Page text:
Erkan is a 28 year old son of a Jewish father, whose parents were Romanian Jews who, in the 1930s, fled the Nazis for safety in Turkey. His mother is a Turkish Muslim. In the 1960s his parents emigrated from Turkey to Germany where his father practiced his Judaism secretly within the German Turkish Muslim community. Erkan identified with Judaism as his religion while his brother decided on Islam.
Until his father’s death he was unaware of his lack of a formal conversion process because he had always identified as being Jewish, even though his mother remained a Muslim.
When his father had to be buried in an Islamic cemetery because his Jewish life was a secret; Erkan realized that it was necessary for him to make his commitment to Judaism official and public.
Then there is Yossi, who went from being an Oklahoma, White-Anglo-Saxon-Protestant Minister to being an Orthodox Jew. He writes “I was born with a Jewish soul. From the age of 13, I read about the People of Israel and the one God. With all of my heart I wanted to be a Jew, but at that time I believed it was not possible so I became the best Christian I could be. It was all a small farm boy could imagine.
I graduated from a Southern Baptist University and became a minister. Through the years I earned my doctorate in Religion and Society and moved to larger staff positions in the university. At the same time, my religious system was clearly not in line with the holy scriptures that I read.
One might say I “studied” my way out of Christianity. No amount of learning and years of professional ministry could resolve the misgivings I had with the Christian tradition. It simply does not align with the Tanach (Hebrew Bible).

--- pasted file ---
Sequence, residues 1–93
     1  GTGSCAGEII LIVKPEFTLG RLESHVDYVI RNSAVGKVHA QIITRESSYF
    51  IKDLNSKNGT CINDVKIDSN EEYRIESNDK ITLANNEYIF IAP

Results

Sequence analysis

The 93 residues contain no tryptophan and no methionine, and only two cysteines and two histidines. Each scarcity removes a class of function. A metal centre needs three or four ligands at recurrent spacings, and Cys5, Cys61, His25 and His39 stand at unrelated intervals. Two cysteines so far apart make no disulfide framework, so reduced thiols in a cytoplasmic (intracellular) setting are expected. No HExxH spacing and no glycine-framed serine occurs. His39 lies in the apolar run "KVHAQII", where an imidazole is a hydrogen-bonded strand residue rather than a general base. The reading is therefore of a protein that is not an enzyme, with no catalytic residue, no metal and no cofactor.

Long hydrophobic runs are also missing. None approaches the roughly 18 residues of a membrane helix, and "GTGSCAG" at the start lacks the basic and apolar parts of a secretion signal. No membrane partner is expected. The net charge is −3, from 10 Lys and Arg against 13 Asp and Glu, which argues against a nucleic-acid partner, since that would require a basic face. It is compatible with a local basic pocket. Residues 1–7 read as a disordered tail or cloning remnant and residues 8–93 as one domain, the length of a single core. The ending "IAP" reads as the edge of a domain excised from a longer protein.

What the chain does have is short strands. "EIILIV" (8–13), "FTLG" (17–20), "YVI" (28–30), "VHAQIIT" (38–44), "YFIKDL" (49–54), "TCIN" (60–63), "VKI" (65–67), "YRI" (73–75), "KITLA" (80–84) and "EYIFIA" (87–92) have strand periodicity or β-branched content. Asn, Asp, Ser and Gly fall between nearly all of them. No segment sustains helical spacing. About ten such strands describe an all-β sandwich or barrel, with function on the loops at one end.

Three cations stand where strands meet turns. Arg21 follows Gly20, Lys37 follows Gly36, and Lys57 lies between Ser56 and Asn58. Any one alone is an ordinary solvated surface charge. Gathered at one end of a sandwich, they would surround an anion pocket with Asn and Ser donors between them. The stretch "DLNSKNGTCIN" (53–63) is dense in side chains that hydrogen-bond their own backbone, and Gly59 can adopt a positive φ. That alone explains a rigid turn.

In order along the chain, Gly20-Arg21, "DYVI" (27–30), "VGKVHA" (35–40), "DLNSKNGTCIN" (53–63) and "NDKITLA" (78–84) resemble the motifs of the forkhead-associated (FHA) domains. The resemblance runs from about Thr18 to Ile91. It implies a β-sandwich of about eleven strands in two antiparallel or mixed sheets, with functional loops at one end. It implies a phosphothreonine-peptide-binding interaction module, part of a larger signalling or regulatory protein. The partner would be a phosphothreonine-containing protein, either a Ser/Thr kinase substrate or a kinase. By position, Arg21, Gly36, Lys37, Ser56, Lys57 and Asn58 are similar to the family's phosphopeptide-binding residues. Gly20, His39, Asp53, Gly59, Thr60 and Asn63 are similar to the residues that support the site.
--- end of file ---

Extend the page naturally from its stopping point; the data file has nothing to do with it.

I can say today that all of my searching has been fulfilled in the Torah. I pray that in my remaining journey I will always be a light to the nations.”
Yet there are difference in the processes of conversion between Islam and Judaism. Unlike Buddhism, Christianity and Islam; Judaism, (like Zoroastrianism) does not have much of a missionary impulse. That is why there are so few Jews and Zoroastrians in the world.
Mormons, who very actively seek converts, already outnumber Jews and Zoroastrians combined, even though Mormons have been in existence for only 200 years, compared to more than 3,000 years for Jews and Zoroastrians
Judaism lacks a strong missionary impulse because Judaism is a pluralistic religion. Judaism teaches that the Jewish way is right for Jews and those non-Jews who want to join the Jewish Community.
But Judaism also teaches that good and kind people in other religions, who follow the teachings of their own religion, also have a place in the world to come.
As the Qur’an says, “ To each of you We prescribed a law and a method. Had Allah willed, He would have made you one nation [united in religion], but [He intended] to test you in what He has given you; so race [compete] to [be] good. To Allah is your return all together, and He will [then] inform you concerning that over which you used to differ. (5:48)
According to Jewish teachings, correct behavior in society is more important for all human beings than correct detailed beliefs about God, although for Jews, as for Muslims, correct beliefs about God are also vital.
Thus, while Jews welcome non-Jews to join our community, we do not have an urgent motive to ‘enlighten’ or ‘save’ all non-Jews.
Lacking the missionary impulse of the more active proselytizing universalistic religions, most non-Jews have to push their way into Judaism.
For those who believe in God but cannot fit into a Trinitarian church, and for those people who do not need, or want, statues and graphic images of God, both the Mosque and the Synagogue are the right places where they can worship:
Islam offers its believers: a worldwide, multi-national monotheistic community—yet all praying in one language and facing a single focal point.
Judaism offers those who belong to it: a monotheistic community with a 3,500 year long tradition of overcoming national adversity and of adjusting to international cultural change yet all praying in one language and facing a single focal point.